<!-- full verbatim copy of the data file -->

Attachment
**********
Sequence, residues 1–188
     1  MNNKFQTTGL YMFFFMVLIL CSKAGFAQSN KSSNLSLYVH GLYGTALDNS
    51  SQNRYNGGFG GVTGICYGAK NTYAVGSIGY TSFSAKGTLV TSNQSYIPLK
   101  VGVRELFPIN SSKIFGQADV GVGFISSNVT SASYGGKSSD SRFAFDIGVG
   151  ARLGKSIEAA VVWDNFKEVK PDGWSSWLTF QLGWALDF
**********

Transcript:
Sequence, residues 1–188
     1  MNNKFQTTGL YMFFFMVLIL CSKAGFAQSN KSSNLSLYVH GLYGTALDNS
    51  SQNRYNGGFG GVTGICYGAK NTYAVGSIGY TSFSAKGTLV TSNQSYIPLK
   101  VGVRELFPIN SSKIFGQADV GVGFISSNVT SASYGGKSSD SRFAFDIGVG
   151  ARLGKSIEAA VVWDNFKEVK PDGWSSWLTF QLGWALDF